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I apologize if this is too basic or whatnot, if it is just flag the question away.

I have the following computer code situation:

We need to insert 1000 new random numbers into a set. The set won't tolerate collisions, and each time we execute this job we need to add exactly 1000 random numbers into the set. To avoid the job running for "a long time", every time we generate a number that already exists in the set, generate a new one, but only do this 250 times for each such number. Each random number is in the range 0 through 99.999, which means that as the set fills up towards 100.000 unique numbers, the chance of each such number generation fails and the chance of the whole job fails is increasing exponentially towards the end.

Procedural description:

DO 1000 TIMES:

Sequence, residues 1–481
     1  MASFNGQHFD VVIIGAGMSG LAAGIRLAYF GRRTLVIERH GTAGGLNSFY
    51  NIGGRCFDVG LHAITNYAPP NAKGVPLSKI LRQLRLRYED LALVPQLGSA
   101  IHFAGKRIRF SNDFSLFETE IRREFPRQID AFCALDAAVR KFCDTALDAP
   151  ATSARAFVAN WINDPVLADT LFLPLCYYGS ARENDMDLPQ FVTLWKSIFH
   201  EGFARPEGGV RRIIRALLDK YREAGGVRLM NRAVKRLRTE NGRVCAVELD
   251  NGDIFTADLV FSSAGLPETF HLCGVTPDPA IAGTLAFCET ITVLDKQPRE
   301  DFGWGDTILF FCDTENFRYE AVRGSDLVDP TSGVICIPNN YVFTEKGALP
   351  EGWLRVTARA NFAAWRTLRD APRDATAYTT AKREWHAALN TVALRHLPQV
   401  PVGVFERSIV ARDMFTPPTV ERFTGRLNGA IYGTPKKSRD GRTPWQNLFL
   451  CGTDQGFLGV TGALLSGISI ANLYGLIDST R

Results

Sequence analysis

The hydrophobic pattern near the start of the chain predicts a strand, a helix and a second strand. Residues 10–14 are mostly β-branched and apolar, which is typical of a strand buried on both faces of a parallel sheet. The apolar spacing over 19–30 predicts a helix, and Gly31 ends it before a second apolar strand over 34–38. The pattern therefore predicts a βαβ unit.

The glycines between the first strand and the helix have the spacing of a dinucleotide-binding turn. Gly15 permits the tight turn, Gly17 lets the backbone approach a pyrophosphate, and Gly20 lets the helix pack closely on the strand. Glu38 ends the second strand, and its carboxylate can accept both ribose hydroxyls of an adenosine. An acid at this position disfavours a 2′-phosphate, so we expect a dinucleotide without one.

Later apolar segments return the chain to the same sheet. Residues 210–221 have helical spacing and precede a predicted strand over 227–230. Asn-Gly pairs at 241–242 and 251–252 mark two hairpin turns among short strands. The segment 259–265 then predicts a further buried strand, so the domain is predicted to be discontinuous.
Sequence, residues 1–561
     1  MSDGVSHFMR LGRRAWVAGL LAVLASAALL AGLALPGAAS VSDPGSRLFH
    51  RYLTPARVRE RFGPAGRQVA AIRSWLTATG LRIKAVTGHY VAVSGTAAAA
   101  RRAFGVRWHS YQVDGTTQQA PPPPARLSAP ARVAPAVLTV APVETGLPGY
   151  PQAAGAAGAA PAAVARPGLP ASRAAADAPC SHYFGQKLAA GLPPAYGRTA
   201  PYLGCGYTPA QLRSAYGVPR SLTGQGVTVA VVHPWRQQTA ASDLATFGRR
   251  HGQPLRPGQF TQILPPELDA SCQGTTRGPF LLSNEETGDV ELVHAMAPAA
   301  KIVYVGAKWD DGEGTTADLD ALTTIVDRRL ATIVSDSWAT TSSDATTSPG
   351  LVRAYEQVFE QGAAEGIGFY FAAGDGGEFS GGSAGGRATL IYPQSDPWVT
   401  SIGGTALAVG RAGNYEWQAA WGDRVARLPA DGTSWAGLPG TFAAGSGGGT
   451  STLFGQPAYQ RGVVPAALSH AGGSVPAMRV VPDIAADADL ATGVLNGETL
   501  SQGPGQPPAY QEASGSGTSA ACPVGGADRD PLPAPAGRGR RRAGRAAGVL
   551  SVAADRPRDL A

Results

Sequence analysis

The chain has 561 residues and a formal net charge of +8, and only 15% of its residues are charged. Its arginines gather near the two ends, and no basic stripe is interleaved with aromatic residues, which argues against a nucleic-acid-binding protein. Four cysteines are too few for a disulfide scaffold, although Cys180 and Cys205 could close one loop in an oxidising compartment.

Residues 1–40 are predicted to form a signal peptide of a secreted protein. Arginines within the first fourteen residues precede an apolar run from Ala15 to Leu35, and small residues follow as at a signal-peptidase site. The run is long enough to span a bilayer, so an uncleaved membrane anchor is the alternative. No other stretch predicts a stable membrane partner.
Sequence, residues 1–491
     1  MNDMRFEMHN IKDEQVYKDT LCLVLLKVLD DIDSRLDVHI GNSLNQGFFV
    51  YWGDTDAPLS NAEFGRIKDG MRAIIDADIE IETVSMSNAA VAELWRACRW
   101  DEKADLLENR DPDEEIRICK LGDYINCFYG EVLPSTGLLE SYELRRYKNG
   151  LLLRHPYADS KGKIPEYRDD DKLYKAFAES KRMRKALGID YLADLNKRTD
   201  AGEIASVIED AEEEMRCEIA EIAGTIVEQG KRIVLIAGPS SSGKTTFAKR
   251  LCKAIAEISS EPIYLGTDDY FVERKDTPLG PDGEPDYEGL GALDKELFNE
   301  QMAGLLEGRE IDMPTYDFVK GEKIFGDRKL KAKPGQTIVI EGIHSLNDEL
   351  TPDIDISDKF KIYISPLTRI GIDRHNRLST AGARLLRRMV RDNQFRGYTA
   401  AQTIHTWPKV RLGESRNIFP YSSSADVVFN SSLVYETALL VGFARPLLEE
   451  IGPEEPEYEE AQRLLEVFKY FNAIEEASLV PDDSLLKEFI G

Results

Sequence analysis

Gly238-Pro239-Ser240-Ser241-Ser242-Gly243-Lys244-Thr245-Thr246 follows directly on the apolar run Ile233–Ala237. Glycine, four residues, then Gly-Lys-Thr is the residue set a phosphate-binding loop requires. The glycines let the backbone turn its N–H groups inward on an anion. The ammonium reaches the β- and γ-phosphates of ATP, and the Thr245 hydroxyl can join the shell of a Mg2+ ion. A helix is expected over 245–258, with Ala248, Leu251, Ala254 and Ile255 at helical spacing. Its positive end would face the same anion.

TRIES = 0
    LABEL START
    X = RANDOM 0 THROUGH 99.999
    IF X IN SET THEN
        INCREASE TRIES
        IF TRIES > 250, FAIL THE JOB
           ELSE, GO BACK TO START
    ADD X TO SET

What I need to calculate is the chance of the job failing, when we know the existing number of numbers already in the set, which is K.

Here's my take on this.

To calculate the chance of any single randomly generated number already existing in the set:

chance = K / N

This chance goes towards 1.0 when the set fills up (K closes in on N).

The chance of all 250 attempts for a single number failing:

chance = (K / N) ^ T

This starts out low, which is expected, and steeply rises towards the end, which is also expected. Basically, only when the set is close to filling up will the chance of 250 sequential collisions rise up, and when it starts rising, it goes up pretty fast.

The chance of any of the 1000 numbers individually failing:

chance = Y * (K / N) ^ T

This last bit is obviously wrong (and I'm not entirely sure about the previous ones) since after inserting the first number into the set, there is obviously less of a chance of the next one succeeding. That last formula above calculates (presumably, if it is "correct") the chance of finding 1000 such random numbers that could fit into the set and then don't insert any of them into the set, which is not what I want.